This is indeed a long command, but it's amazingly powerful. It starts with Import-CSV, a native shell cmdlet that simply reads a CSV file and returns objects. Each line in the CSV file is a single object, and the columns of the CSV file become properties of the object. In my Provision1.csv file, the column names are things like "Logon Name" and "First Name"—this is interesting because the column names don't map directly to Active Directory user attributes. I find that it's common for files like this to use more familiar-sounding column names instead of names that are specific to Active Directory. After all, you might be receiving this file from someone in your company's personnel department, and they're unlikely to know that the Last Name is really the sn attribute in Active Directory.

Once all of the data in the CSV file has been imported and also turned into objects, those objects are piped to the ForEach-Object cmdlet, which executes a block of code—inside the curly braces in my one-liner—for each object. That is, for each line in the CSV file, this script will execute once. Within the script, the special $_ variable is a reference to the current object—or, the current line of the CSV file.

You can see that for each object, I'm executing the New-QADUser cmdlet. That's one of the dozen or so cmdlets in the Quest add-in. The name QADUser is worth noting. The Q, as you might have guessed, stands for Quest. This naming convention is designed to avoid a conflict with the eventual New-ADUser cmdlet that the Microsoft Active Directory team will likely produce in the future. That way, if both cmdlets are loaded into the shell at the same time, both you and the shell will be able to tell them apart more easily.

The remainder of the one-liner consists of parameters for the New-QADUser cmdlet. It starts by specifying the organizationalUnit, which is where you want all of the new users to be created. Next is the name attribute, which I've set to be the contents of the First Name column, a period, and then the contents of the Last Name column.

One last interesting fact here: The city parameter will actually change the l attribute (or Locality-Name) in Active Directory. The cmdlet also accepts a parameter named l, which does the same thing. For the most part, parameters that refer to Active Directory attributes can use either the attribute name or the text label from the Active Directory Users & Computers tool.

The Other Windows PowerShell Way

Active Directory is a hierarchical store, and one of the strengths of Windows PowerShell is its ability to expose any hierarchical store as a disk drive, allowing you to use a familiar set of commands like Dir, Del, Ren, Copy, and so forth to manage a variety of stores. Unfortunately, Windows PowerShell 1.0 didn't ship with a PSDrive Provider for Active Directory, meaning the shell has no way to expose Active Directory itself as a drive.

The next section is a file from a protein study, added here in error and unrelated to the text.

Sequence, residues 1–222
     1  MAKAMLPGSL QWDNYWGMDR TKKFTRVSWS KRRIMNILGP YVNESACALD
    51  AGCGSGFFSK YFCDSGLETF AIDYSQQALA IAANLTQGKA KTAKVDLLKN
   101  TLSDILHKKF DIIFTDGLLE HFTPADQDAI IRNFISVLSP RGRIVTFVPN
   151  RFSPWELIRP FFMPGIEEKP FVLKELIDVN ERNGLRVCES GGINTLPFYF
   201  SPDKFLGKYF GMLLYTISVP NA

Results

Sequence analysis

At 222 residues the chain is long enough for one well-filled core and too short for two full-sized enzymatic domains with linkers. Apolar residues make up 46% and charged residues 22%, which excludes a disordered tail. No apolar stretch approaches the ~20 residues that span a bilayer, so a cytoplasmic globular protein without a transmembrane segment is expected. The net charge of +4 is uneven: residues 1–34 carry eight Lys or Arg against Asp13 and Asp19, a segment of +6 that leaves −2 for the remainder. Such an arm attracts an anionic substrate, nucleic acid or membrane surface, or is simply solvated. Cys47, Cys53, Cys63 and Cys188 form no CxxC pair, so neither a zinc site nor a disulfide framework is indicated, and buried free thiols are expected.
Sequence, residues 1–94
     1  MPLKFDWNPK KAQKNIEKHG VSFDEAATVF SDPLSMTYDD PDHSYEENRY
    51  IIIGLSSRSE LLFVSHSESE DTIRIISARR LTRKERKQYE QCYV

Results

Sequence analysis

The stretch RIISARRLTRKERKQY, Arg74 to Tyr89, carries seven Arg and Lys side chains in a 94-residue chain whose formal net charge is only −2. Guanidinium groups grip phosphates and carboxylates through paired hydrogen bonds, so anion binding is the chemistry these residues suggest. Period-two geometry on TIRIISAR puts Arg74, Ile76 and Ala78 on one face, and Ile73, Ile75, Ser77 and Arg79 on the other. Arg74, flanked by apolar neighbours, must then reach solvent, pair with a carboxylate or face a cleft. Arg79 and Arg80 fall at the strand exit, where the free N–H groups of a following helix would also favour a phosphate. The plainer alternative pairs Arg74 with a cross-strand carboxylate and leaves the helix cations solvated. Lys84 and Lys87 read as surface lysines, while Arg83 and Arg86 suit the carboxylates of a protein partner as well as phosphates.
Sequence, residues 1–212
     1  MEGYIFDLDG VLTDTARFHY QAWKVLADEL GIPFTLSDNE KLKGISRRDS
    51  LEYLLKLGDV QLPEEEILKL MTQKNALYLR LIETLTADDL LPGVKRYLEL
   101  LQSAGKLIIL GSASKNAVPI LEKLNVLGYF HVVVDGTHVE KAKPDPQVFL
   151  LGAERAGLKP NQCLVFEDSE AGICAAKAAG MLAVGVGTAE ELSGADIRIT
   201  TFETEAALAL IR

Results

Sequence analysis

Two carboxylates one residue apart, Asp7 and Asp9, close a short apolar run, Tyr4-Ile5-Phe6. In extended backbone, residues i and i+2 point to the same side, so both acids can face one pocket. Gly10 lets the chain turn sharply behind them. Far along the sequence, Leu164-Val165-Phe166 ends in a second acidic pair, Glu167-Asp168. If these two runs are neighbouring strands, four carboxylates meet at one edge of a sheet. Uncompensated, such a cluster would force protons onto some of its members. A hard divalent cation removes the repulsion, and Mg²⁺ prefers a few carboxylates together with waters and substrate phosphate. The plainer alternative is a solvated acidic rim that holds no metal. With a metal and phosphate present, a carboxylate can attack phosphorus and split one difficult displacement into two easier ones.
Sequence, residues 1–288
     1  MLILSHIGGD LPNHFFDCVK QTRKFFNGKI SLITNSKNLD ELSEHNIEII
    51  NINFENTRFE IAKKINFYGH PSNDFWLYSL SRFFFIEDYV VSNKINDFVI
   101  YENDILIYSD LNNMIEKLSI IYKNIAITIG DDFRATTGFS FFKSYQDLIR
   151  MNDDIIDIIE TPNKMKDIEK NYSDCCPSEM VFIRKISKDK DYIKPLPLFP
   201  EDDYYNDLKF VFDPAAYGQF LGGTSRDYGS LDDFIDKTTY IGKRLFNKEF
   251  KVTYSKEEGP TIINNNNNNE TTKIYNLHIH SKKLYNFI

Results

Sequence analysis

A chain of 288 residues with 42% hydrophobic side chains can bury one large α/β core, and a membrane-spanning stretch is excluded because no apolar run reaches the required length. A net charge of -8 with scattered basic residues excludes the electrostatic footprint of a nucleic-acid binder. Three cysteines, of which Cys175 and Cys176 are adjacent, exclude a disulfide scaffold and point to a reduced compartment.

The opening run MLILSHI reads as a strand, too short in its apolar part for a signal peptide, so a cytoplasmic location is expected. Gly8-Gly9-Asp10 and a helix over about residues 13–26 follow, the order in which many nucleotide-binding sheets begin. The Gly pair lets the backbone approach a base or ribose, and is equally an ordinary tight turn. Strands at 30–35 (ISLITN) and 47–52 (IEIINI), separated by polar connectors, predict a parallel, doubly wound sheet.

Fortunately, that rich ecosystem comes back into play with the PowerShell Community Extensions. This is a free, open-source add-in available from Once you have it installed, the PowerShell Community Extensions let you simply direct the shell to your domain name to begin managing the directory as if it were a drive:


These commands will change to the COMPANY domain, change to the Singers OU, and then display a list of objects, as shown in Figure 2. From there I can use commands like Del to delete a user, Md to create a new OU, and so forth. There are a few catches in the Community Extensions PSDrive Provider. These essentially have to do with functionality that you might expect to be implemented, but isn't available because things don't map to the way Active Directory itself works. And you do have to be exceedingly careful: changing to the root of your domain and running del * -recurse will, in fact, delete every object in the domain, provided you have permission. It won't even ask "are you sure," by default. Yes, the command line is powerful, and with that power comes a risk for someone who isn't skilled and careful.

Figure 2 Using the PowerShell Community Extensions to direct the shell and manage the directory

Figure 2** Using the PowerShell Community Extensions to direct the shell and manage the directory **(Click the image for a larger view)

Start Using the Shell Today

Students in my classes always ask what they can do with Windows PowerShell today. After all, not every Microsoft product has been redesigned to use Windows PowerShell, and offhand you might think that Windows PowerShell is still waiting around for things to get really exciting.

The fact is, things are already exciting. Even though Microsoft hasn't yet instrumented Active Directory for command-line management, others have taken a stab at it and done quite well. You can use Windows PowerShell to perform many administrative tasks, including automating some of the most time-consuming and burdensome tasks, such as creating batches of new users. The trick is to discover some of the things that the community is doing to make Windows PowerShell more useful now. (You might want to explore, a site co-sponsored by Microsoft that I help administer.) With the right tools loaded into Windows PowerShell, you can begin scripting some of the most time-consuming administrative tasks that you don't want to be doing, and start to become a more effective and efficient administrator.

Don Jones is the co-author of Windows PowerShell: TFM, 2nd Edition, author of VBScript, WMI, and ADSI Unleashed, and director of